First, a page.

I caschi blu sulla scena della strage di Ahmići, Bosnia Erzegovina, Aprile 1993 (Foto ICTY)

I caschi blu sulla scena della strage di Ahmići, Bosnia Erzegovina, Aprile 1993 (Foto ICTY)

Radovan  Karadžić, 2018

Radovan Karadžić first appeared before the Judges on 31 July 2008 and his trial began on 26 October 2009. The former Bosnian Serb leader is charged with genocide, crimes against humanity and violations of the laws and customs of war in Sarajevo, Srebrenica and 20 other Bosnian municipalities. The Prosecution is still providing evidence and witnesses on the Sarajevo attacks. The Prosecutor has up to date used 122 out of the 300 hours at his disposal for providing evidence: according to him, the indictment phase should end in a year. The highest percentage of the hearing (69,6%) has been until now used for the cross examinations of the witnesses brought by the defendant. According to the President of the Tribunal, the trial will not be over before June 2014. The final sentence, after the appeal, could be in 2018, almost 30 years after the beginning of the conflicts in Bosnia and Herzegovina.

Vojislav Šešelj

The Vojislav Šešelj case is all the same complex. He first appeared before the Judges on 26 February 2003 and the trial only started in November 2007, undergoing various interruptions. Šešelj is charged with 9 counts for crimes against humanity and violations of the laws and customs of war committed in Croatia, Bosnia and Herzegovina and Vojvodina between August 1991 and September 1993. The sentence is expected in September 2012, but it is only an estimation subject to changes. The trial is currently in the defense phase, with Šešelj defending himself. Last May 5th, the panel of Judges rejected a request by the defendant: arguing that the Prosecution had not provided enough evidence to proceed with the trial, Šešelj had requested acquittal. The defendant is also indicted at The Hague in another trial, accused with offenses against the Court for having disclosed in one of his publications the identity of 11 witnesses under protection. In this case, the sentence is due within the month.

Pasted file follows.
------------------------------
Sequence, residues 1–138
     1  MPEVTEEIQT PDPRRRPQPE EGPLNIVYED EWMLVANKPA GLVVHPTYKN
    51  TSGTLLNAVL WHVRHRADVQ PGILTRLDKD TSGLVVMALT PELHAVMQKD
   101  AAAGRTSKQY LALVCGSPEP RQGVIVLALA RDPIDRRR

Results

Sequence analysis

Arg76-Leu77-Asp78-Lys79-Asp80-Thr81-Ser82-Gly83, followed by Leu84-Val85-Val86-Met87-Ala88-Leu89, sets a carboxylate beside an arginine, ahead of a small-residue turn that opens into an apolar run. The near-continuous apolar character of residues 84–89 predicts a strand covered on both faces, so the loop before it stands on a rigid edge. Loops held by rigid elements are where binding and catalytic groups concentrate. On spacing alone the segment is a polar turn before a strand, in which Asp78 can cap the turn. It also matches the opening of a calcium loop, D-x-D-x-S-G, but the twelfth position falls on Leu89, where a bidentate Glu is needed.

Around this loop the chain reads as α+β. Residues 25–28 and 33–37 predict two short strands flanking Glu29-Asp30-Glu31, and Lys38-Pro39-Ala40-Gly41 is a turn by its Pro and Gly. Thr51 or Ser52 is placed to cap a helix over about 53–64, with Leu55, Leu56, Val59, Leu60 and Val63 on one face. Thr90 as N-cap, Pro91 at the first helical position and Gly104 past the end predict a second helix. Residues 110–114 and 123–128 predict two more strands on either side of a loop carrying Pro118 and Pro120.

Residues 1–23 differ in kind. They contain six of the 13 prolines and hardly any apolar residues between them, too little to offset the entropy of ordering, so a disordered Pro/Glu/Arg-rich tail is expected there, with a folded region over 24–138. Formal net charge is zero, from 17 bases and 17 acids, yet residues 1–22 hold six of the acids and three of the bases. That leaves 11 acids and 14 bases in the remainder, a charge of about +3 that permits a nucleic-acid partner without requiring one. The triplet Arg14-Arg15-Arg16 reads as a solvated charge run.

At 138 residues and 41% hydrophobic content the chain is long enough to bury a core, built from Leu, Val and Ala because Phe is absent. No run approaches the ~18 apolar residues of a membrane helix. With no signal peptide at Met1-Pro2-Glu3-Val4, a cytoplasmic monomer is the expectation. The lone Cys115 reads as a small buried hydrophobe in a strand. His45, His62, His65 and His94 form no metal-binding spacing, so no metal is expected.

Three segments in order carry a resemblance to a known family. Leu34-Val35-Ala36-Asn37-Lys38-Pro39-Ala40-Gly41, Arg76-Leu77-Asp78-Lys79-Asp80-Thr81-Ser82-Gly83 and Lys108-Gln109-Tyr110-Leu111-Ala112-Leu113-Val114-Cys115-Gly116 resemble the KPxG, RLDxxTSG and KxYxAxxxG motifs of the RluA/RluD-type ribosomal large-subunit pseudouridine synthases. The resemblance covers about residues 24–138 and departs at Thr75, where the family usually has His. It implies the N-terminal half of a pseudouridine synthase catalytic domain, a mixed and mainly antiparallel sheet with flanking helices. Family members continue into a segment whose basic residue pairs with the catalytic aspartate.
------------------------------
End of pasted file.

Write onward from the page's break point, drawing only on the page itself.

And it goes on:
Stanišić and Simatović, Tolimir, Haradinaj

As to the trial against Jovica Stanišić and Franko Simatović, charged with crimes against humanity and war crimes, the Prosecution has terminated bringing charges and the defense phase started yesterday, the 15th of June.